‘Gayle says they were set upon. It looks like murder to me, Frame, and we’ll treat it as murder while we look for the two men dressed as women. I think you were supposed to be looking for CCTV footage.’
She turned her back on Jasmine and marched off.
Back in the V&SC room, Palmerston went into Sloane’s office. Jasmine could see the DCI at his desk. Jasmine sat and opened the file of CCTV recordings that had been sent to her. There were views from a number of cameras around the extensive car park but having glanced at each of them she chose the one that looked along Dock Lane. It seemed to be the only camera with even a possibility of a view of the scene of the incident. Jasmine started to scan through the recording to get to the time when the attack occurred. The dim grainy pictures, made worse by the persistent drizzle showed cars and taxis entering and leaving the car park and pedestrians walking to and from the town. By one a.m. the area looked deserted with not even a taxi waiting on the rank.
The office door crashed open and Tom Shepherd loped in.
‘We’ve got the weapon,’ he shouted.
Jasmine rose from her seat as Palmerston emerged from Sloane’s office with Sloane close behind.
‘Let me see,’ Palmerston said. Tom handed over the plastic bag weighted by the knife.
‘It matches the description the doc gave.’
Jasmine joined the group. She squinted to get a look at the knife as Palmerston held the bag up. It appeared to be the knife that had been waved in her face.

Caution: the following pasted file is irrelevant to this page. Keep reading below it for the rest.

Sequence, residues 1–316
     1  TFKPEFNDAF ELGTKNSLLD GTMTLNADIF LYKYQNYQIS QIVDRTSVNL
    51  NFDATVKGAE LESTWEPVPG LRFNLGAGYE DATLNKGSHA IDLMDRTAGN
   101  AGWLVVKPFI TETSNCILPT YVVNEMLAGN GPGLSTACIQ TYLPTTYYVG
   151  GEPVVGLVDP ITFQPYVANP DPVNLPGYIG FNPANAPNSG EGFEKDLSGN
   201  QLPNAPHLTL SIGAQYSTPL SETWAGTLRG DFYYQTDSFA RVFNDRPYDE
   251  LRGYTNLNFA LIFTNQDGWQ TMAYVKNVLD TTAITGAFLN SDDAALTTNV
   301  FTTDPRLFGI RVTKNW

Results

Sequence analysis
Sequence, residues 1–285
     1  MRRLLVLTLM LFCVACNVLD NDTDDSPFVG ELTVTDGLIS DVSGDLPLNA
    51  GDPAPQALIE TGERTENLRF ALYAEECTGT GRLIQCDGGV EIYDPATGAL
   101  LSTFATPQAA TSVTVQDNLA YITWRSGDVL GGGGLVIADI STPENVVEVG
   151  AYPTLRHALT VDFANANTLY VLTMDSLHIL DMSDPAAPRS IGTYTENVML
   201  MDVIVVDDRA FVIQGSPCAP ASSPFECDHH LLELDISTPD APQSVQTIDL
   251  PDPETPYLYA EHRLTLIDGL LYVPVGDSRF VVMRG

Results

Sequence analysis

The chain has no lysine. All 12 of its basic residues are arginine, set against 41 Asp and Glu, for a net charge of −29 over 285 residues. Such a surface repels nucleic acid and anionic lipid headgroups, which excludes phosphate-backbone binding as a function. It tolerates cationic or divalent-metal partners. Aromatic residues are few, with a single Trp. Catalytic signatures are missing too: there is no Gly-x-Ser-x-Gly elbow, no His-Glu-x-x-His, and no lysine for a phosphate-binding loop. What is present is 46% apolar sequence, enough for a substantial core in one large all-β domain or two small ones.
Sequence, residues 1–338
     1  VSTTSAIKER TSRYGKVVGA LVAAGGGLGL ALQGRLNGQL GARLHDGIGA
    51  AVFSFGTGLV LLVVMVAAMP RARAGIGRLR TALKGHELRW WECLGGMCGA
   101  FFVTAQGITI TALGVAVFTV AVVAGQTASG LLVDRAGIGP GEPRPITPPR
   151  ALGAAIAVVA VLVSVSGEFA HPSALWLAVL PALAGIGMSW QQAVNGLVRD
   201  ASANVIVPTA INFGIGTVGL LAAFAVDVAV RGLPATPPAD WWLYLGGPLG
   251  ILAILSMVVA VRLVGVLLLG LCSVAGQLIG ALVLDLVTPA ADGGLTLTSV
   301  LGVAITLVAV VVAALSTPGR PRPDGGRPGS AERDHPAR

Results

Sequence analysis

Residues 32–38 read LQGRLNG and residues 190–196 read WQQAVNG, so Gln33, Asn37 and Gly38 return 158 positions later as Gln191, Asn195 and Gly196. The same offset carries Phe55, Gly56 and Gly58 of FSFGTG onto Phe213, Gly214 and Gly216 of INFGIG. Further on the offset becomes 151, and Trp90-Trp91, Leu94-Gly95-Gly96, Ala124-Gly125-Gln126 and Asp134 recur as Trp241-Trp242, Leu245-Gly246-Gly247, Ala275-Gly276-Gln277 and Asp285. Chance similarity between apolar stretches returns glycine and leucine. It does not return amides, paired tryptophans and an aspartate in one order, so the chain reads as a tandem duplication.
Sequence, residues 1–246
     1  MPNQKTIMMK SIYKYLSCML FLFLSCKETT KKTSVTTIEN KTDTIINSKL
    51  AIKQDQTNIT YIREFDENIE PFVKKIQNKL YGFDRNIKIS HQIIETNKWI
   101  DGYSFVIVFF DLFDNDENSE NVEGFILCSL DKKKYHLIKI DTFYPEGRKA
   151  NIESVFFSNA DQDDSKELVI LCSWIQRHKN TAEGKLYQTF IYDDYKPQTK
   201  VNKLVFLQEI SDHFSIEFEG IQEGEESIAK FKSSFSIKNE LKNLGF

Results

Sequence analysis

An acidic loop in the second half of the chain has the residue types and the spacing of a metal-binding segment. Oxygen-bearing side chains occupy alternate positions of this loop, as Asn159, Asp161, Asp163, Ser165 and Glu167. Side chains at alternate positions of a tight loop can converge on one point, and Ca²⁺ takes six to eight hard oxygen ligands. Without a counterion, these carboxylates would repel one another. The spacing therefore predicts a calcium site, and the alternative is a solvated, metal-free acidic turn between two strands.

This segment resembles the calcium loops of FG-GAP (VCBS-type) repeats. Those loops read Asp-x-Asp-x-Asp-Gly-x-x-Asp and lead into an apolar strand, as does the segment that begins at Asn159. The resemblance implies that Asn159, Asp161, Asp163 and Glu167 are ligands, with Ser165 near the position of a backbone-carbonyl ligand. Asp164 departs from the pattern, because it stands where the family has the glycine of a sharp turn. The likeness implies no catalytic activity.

‘It looks like the knife Wizzer had,’ she said.
‘Wizzer?’ Tom said with a look of confusion on his face.
‘William Smith, the victim,’ Palmerston said. ‘known as Wizzer to his friends apparently.’
Tom looked at Jasmine.
‘You know him?’
‘We met,’ Jasmine said.
‘So I gather,’ DCI Sloane growled, ‘In my office now, DC Frame.’
Jasmine followed Sloane leaving Tom staring. The tone of Sloane’s voce did not suggest that he was about to praise Jasmine.
‘Close the door please, Frame,’ the DCI said. His chair sagged as he lowered his bulk into it. ‘Denise tells me that you failed to report an incident with the victim and his friend Gayle.’
Jasmine groaned silently. Palmerston had got her tale telling in first. ‘Yes Sir, I meant to this morning. . .’
‘Hours after the alleged attack took place.’
‘Denise says you alleged that the two boys threatened you and stole your purse.’
‘That’s what happened, Sir.’
‘Why didn’t you report it at the time?’
‘It was late, Sir, and cold. I was tired.’
Sloane frowned at her. ‘You’re a police officer, Frame. That’s no excuse. Now it appears that one of the youths is dead.’